be well,
guo gu
Founder and teacher of Tallahassee Chan Center of the Dharma Drum Lineage of Chan Buddhism
http://www.tallahasseechan.com/
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Re: WHAT's OFTEN MISSING in SHIKANTAZA EXPLANATIONS ....

Postby jundo on Wed Mar 15, 2017 5:54 am

Hi Guo Gu,

Good to be in touch. I am always happy to chat about this.

I am afraid that I am rather a simpleton in some of this, and not so analytical.

Guo Gu wrote:in your tradition, how do you deal with:

1. the fact that in the reality of the actual sitting, trust is just as much a fleeting feeling as any other wandering thought? do you teach ppl to generate that feeling of trust again and again when lost? trust, as you know, is just a mental factor; it is momentary, generated by the discriminating sixth consciousness. its nature is fleeting, self-referential (for most ppl), and for the most part just an abstract idea (i.e., trust that shikantaza is "whole and thoroughly complete, the total fruition of life’s goals, with nothing lacking and nothing to be added").


Just Trust in the Wholeness of Sitting. And if there is no feeling of trust for a time, sit anyway until there is a knowing of such Trust.

2. do you recognize the reality of awakening? as in an actual experience. that literally there's nothing beyond the act of sitting? in your words, “JUST SITTING HERE IS ALL THAT EVER COULD BE!” or do you only accept shikantaza as the expression of awakening or awakening as the moment to moment clarity? of course, no practitioner should seek after awakening experiences--the seeking mind is the disease. one must let go of that.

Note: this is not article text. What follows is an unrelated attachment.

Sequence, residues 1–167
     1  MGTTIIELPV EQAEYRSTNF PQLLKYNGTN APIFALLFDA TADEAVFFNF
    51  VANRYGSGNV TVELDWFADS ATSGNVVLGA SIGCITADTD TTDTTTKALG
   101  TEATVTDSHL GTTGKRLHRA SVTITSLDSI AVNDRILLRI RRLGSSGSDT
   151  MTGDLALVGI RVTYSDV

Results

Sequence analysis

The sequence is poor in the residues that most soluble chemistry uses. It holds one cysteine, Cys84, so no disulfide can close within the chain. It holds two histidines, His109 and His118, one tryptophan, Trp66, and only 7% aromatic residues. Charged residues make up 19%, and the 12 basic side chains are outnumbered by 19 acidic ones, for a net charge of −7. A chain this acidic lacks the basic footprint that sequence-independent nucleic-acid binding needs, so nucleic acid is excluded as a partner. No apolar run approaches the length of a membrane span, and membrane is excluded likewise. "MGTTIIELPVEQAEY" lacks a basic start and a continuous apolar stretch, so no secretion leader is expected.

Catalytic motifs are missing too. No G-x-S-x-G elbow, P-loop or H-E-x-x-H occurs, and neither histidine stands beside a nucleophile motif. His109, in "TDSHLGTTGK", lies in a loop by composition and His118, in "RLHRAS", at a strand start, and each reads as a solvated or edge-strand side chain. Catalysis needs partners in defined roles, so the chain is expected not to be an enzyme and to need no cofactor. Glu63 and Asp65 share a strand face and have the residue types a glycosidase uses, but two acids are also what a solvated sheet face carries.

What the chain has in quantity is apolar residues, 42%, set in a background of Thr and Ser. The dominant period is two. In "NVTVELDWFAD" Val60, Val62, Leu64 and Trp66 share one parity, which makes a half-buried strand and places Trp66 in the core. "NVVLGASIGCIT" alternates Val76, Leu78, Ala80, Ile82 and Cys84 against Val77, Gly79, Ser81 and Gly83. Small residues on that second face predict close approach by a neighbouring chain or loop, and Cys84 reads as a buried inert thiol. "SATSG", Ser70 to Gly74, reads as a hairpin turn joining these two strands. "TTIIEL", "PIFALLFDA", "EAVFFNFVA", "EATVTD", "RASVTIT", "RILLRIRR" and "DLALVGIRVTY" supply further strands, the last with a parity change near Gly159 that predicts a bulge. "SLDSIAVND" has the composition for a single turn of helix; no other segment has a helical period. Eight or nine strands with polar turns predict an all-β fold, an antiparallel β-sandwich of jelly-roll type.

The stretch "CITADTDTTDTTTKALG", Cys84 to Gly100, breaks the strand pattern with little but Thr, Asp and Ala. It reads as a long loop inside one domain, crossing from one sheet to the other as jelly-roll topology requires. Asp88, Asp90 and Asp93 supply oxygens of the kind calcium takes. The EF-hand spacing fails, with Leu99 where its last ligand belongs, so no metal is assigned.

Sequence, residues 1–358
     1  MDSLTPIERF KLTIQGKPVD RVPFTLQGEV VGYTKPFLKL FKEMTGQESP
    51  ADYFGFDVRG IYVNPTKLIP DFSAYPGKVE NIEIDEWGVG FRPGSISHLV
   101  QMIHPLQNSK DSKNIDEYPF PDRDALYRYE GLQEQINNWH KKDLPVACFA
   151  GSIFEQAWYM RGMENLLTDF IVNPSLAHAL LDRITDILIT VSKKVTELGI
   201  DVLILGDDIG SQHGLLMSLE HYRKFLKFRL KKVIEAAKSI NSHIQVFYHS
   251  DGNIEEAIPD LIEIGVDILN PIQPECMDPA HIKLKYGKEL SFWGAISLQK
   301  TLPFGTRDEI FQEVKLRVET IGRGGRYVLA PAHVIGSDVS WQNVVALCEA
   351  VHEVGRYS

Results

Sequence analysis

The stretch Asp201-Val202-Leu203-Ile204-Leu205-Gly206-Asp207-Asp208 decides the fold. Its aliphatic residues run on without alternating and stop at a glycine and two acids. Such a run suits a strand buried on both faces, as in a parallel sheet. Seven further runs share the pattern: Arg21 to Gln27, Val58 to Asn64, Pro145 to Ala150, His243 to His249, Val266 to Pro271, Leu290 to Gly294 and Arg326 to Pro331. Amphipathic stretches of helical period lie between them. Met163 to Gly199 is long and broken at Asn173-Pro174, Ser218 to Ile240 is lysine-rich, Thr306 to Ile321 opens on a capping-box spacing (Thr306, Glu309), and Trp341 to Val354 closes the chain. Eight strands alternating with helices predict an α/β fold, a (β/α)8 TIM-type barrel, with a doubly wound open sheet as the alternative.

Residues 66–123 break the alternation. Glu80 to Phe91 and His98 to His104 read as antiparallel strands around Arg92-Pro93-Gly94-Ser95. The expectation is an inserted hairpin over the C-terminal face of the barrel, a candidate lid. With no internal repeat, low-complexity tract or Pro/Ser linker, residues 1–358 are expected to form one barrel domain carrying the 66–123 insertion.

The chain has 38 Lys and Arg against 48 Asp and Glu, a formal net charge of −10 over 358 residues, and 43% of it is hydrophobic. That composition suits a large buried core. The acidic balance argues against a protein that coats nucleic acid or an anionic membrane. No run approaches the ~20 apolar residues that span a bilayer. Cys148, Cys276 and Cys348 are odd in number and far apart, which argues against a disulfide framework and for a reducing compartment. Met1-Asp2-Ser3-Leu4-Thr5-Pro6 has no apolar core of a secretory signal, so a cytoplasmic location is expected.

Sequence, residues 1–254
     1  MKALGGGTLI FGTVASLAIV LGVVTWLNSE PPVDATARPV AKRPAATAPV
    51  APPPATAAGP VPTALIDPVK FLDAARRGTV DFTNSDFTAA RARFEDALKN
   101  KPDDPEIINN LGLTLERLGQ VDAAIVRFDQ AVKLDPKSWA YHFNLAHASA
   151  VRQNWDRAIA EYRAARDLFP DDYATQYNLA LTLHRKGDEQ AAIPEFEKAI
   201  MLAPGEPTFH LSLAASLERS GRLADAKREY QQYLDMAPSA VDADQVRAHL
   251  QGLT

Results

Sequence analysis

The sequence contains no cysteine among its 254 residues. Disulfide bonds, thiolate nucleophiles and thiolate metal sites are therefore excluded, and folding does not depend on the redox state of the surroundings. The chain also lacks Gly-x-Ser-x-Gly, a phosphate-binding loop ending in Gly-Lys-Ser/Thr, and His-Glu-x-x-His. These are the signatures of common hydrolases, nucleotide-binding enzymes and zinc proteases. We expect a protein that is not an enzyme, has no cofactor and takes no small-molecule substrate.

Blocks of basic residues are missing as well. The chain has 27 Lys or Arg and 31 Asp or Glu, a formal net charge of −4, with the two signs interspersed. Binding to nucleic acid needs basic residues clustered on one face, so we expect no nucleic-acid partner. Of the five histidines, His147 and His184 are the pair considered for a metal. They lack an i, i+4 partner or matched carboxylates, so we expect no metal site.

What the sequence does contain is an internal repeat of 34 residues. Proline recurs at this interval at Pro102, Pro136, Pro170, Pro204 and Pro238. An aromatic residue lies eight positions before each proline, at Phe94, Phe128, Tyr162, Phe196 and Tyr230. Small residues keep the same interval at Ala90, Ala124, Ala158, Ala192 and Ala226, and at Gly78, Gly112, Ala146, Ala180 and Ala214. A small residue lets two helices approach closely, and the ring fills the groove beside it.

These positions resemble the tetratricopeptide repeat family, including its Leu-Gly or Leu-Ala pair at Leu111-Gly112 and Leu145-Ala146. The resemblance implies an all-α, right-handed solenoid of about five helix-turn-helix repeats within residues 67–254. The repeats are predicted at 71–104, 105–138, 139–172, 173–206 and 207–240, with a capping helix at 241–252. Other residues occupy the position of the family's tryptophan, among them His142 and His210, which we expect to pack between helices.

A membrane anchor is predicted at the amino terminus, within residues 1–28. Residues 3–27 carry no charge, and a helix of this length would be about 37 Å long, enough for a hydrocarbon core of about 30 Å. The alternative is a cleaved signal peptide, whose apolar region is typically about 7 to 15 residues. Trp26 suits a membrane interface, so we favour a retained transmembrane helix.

Just Sit. There is no place to go, nothing to add or take away, nothing lacking, no Buddha not present in the moment of the very act of Sitting. In sitting, all the universe, all things, all Buddhas, the kitchen sink and whatever might be beyond and right through the heart of all that is Sitting.

And if there is no such feeling for a time, sit anyway until there is a knowing of such.

3. if you do recognize that there is such a thing as awakening (as, for example, what occurred to dogen when he was in china... or shakyamuni buddha for that matter), what is the difference btn shikantaza before and after that experience?